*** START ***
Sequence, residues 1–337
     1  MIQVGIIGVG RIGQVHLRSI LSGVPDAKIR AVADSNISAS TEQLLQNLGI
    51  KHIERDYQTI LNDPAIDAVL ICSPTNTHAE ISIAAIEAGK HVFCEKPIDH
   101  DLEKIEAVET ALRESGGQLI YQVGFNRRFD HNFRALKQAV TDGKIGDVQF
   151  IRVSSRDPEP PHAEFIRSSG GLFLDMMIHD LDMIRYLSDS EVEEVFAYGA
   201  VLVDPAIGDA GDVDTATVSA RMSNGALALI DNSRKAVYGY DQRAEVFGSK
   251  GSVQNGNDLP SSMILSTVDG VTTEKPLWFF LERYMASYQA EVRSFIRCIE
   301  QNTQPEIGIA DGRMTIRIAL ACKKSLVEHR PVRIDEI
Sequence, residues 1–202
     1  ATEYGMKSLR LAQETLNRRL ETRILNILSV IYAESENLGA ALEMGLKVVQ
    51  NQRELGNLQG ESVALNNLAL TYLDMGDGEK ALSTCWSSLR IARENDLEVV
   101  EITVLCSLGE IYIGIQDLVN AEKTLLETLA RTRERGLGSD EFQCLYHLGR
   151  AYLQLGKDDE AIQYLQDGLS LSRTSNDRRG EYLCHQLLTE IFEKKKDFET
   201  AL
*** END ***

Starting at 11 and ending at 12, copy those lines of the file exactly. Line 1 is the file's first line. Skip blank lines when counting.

    51  NQRELGNLQG ESVALNNLAL TYLDMGDGEK ALSTCWSSLR IARENDLEVV
   101  EITVLCSLGE IYIGIQDLVN AEKTLLETLA RTRERGLGSD EFQCLYHLGR